Last Page LITE

by Chicago

Disclaimer: Characters belong to DC Comics, borrowed for fun and not for profit.

Note: Written for Darklady's "Last Page" challenge, which demanded the final page of an unwritten novel length story. Not sure the novel implied here would be worth the cost of paper, but fortunately the challenge only demanded this little bit.

Pairing: Dick/Clark

Warnings: sweetness pushing the OOC envelope, but intended to be light.

Rating: G, maybe, unless slash automatically qualifies for PG



carried the scent of fresh mown hay, sweet and pungent. Through the screen door, he could hear Martha Kent cleaning up the supper dishes; he had offered to help, but she had shooed him out to the porch swing, insisting he was a guest. Clark and Jonathan rejected his help on a similar excuse, although Clark had added a comment about the city mouse being out of his element in the barn...

The screen door opened, and Martha gave him a smile. "Nice night," she remarked, handing him a cup of coffee.

"Yes," he agreed, accepting the mug. "Thanks."

Martha settled in a rocker on the porch with her own coffee. "I should be thanking you. All you've done-"

He waved her off. "It's no more than anyone else would, given the means and the ability."

She smiled at him. "Just being neighborly?"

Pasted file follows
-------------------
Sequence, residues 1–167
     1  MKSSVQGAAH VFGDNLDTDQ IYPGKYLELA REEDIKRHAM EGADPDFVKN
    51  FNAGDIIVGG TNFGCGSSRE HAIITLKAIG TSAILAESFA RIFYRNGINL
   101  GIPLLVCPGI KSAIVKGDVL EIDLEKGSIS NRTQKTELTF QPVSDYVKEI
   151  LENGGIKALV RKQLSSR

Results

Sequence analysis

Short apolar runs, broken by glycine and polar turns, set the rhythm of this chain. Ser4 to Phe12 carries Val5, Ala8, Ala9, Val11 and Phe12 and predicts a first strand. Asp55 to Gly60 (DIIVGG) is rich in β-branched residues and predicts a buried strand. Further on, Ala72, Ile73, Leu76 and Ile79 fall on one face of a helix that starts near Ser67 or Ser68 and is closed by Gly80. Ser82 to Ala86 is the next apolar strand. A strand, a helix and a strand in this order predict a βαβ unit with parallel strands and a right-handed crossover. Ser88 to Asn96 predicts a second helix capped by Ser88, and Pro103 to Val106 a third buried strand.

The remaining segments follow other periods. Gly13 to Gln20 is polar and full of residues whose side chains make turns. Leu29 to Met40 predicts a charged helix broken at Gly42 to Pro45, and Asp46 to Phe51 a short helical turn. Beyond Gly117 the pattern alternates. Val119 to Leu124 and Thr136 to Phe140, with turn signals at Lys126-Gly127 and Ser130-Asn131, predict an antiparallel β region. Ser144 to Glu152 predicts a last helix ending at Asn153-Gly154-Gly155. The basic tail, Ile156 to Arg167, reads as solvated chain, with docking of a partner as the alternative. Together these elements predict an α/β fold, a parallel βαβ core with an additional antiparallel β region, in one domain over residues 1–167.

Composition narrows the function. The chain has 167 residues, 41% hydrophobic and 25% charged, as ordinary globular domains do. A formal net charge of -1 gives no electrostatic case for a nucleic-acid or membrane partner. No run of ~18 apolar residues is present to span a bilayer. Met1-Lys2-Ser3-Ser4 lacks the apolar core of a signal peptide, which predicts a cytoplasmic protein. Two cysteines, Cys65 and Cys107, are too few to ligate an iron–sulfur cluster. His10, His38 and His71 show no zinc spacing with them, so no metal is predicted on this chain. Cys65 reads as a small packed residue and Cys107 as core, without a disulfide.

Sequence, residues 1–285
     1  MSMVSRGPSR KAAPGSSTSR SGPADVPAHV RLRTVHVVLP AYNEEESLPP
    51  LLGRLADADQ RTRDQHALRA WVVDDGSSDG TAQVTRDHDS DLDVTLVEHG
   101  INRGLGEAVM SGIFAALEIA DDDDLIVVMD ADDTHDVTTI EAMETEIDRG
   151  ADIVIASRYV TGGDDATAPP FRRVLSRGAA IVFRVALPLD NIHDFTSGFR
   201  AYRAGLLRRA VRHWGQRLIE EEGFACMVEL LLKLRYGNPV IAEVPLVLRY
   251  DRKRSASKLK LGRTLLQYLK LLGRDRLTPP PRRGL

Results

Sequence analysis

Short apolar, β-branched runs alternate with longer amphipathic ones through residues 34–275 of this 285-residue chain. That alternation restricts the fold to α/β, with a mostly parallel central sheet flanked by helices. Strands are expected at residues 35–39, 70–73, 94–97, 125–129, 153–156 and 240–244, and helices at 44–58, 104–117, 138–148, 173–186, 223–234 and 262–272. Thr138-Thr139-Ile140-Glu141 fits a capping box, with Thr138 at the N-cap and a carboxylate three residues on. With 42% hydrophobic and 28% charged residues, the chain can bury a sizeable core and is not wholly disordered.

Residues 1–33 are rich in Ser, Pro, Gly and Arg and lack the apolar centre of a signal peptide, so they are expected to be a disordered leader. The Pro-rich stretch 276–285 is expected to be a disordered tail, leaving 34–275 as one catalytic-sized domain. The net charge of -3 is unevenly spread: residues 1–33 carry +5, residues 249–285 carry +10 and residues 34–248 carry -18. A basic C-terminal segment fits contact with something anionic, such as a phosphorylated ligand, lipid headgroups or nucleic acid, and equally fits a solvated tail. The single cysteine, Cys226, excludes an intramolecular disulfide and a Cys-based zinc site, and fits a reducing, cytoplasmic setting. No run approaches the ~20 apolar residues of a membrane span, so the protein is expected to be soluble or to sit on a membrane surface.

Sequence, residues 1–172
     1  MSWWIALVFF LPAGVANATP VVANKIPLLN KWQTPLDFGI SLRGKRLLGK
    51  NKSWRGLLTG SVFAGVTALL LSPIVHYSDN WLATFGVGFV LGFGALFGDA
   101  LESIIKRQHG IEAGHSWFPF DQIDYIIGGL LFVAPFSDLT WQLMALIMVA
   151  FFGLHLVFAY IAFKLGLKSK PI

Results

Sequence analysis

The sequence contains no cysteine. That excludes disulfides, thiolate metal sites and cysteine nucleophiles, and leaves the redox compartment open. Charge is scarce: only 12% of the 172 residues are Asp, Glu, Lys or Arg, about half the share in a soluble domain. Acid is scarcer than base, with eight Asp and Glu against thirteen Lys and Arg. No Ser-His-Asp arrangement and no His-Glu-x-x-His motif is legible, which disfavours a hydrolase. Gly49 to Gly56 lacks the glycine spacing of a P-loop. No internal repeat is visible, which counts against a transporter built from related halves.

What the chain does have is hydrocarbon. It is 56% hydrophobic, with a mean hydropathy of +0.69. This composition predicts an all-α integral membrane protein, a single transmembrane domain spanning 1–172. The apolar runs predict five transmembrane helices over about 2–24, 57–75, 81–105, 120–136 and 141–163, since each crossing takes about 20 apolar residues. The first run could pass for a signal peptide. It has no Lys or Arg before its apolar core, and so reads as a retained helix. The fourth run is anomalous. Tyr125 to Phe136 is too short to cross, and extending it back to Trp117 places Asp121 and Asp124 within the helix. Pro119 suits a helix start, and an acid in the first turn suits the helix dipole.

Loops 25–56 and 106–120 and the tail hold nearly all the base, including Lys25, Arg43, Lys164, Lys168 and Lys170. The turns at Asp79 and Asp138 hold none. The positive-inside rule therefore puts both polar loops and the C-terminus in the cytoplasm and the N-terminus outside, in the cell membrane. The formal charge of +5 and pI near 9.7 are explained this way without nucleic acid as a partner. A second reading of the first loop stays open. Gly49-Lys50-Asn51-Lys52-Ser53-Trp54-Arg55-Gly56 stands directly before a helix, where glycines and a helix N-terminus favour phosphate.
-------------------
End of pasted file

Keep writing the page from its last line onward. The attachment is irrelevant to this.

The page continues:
He nodded, letting his eyes drift out to where Clark and Jonathan were moving to another outbuilding from the barn. He was startled when Martha's voice came again, "Or being a good son-in-law?"

His eyes shot to her, and he narrowly avoided spilling his coffee. "You know?" he spluttered.

She smiled and waved indulgently in the direction the Kent men had disappeared. "Oh, Clark's always had a weakness for dashing billionaires," she dismissed. "I'm pleased to see that his taste and judgment have improved."

Bruce shook his head ruefully, thinking of all the worry he had harbored for the stolid Midwestern morality of Smallville, Kansas. He should have known, should have realized, instead of letting it be one more excuse to hide his feelings. He took another sip of coffee. "You make an excellent cup of coffee, Mrs. Kent," he complimented sincerely.

Martha laughed lightly. "I love your manners, Bruce," she replied, "but please - you can call me Ma."

Bruce blinked and felt a smile grow on his face. "Okay," he agreed easily. Another sip of coffee and he settled back more comfortably in the porch swing to wait for his friend - his lover, he corrected with a feeling of warmth - to come in from his chores.

The End